Ronnie O'Sullivan registers 1000th century in final frame of 10-4 win

Ronnie O'Sullivan
Ronnie O'Sullivan

Ronnie O’Sullivan registered the 1000th century break of his extraordinary career to win the final of the Players Championship.

O’Sullivan dominated from the start against Neil Robertson, winning 10-4, and finished in style by reaching a career milestone which may never be passed.

Earlier breaks of 116 and 105 had moved O’Sullivan onto 999 and any speculation that he would wait for the World Championship to reach a thousand was ended with a sumptuous 134.

In typical fashion, the 100th point of his 1000th century was secured left-handed, and O'Sullivan - to continued, rapturous applause - went on to clear the table fully, even the white finding its way to the pocket to deny what would've been a 141.

After creating his latest piece of snooker history, O'Sullivan told ITV4: "I just played really, really well. I played well all week, but I played brilliantly today and to cap it off with 1,000 centuries is great.

"I suppose to me, it's just what I do since I was seven or eight, playing snooker, potting balls - I love the game. But to share it with the fans in Preston and any snooker fans, Preston are just lucky that it was here tonight.

"This should be the base for what venues should be because you will get better matches. Players love playing here. It's one of the best venues and it's great.

"When you put top-quality players in top-quality venues then you will get top-quality snooker and that is what the Guild Hall is.

"To me, snooker is just a sport, it's a game and everyone here loves to watch the game. But as far as human beings go, he's (Robertson) one of the nicest human beings on the circuit so for me that means more.

"It was nice that I have done it with an opponent I have a lot of respect for."


More: Richard Mann on the best of Ronnie O'Sullivan


Robertson did very little wrong, despite a one-sided scoreline, and heads to Sheffield next month with a live chance of winning another World Championship - should O'Sullivan allow any of his opponents a look in.

"Throughout the whole match, I think I only missed three balls that mattered," said Robertson.

"I don't feel as though he took my game apart - he took the table apart. I got punished for playing good shots!

"Sometimes you just have to hold your hands up. He was outstanding today.

"When you come up against someone playing as well as that, it's very difficult to deal with."

Ronnie rockets to title defence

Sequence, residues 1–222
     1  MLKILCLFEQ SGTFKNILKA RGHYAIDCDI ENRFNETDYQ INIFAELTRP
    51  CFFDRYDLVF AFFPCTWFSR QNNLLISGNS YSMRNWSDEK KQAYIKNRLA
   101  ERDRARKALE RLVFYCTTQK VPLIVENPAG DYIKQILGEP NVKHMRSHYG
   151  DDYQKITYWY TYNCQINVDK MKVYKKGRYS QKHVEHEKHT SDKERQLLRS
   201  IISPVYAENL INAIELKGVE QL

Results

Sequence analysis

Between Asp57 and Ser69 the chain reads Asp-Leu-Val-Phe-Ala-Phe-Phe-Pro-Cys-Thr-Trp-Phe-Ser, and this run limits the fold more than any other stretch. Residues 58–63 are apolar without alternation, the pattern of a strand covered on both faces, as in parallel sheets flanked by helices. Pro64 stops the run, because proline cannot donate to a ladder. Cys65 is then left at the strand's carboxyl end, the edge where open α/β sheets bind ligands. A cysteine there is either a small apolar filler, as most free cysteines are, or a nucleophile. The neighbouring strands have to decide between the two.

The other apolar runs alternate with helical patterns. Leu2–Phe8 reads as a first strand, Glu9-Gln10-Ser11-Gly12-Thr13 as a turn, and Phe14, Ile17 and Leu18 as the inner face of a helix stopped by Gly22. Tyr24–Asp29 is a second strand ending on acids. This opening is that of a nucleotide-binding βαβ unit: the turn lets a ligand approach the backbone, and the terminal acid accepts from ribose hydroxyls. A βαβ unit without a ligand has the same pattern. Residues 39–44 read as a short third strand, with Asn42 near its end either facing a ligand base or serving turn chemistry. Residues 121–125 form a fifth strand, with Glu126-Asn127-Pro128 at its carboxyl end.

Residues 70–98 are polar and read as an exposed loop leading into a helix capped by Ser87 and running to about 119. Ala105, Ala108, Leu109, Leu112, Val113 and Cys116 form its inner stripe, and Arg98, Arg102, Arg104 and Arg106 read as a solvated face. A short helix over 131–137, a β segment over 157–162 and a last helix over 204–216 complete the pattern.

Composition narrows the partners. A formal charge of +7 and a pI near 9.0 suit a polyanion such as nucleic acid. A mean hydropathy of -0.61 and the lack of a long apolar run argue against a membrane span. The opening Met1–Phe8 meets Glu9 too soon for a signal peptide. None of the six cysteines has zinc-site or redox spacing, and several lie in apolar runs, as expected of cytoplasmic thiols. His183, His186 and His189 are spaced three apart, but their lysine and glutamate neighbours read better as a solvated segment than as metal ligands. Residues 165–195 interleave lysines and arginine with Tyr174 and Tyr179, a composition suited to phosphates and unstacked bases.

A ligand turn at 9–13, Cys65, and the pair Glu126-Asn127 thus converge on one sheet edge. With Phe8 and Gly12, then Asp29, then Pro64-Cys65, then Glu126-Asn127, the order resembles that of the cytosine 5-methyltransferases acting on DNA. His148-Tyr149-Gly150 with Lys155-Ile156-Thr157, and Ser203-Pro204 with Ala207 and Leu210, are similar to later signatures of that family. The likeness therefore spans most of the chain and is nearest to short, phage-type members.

It was clear early on in Sunday's final that O'Sullivan was in the sort of form which has tended to make the outcome of his matches inevitable.

There was no century during the first mini-session, but instead a series of frame-winning breaks which sent him into a 4-0 lead as the players left the arena for a short break.

Robertson, perhaps aware that he'd only wasted one serious chance, in frame four, got on the board immediately after - though O'Sullivan's response was a 116 break, the 998th century of his career, to move into a 5-1 lead.

That became 6-1 when he pounced on a mistake from the Australian, who took the next with a break of 78 only for O'Sullivan to make another century, this time a break of 105 to move into a 7-2 lead.

Any hope for evening drama required Robertson to take the final frame of the afternoon and that's what he did, before returning with a 120 break to get within three frames at 7-4.

That would be his final meaningful contribution, though, as O'Sullivan took the following two frames - both seeing chances for the 1000th century come and go.

Perhaps O'Sullivan was simply waiting for a frame of real magnitude, as there never appeared doubt from the moment the first red dropped that he would win the match by reaching the milestone.

The red which saw the score tick to 100 and his career centuries total to a thousand was a simple one, played left-handed for the sheer hell of it, the sort of chutzpah reserved for only the truest of geniuses.

At 43, O'Sullivan remains that, and whatever the final total when he finally waves goodbye to the sport, it seems like a record which will remain until they change the size of the pockets or the length of the table.

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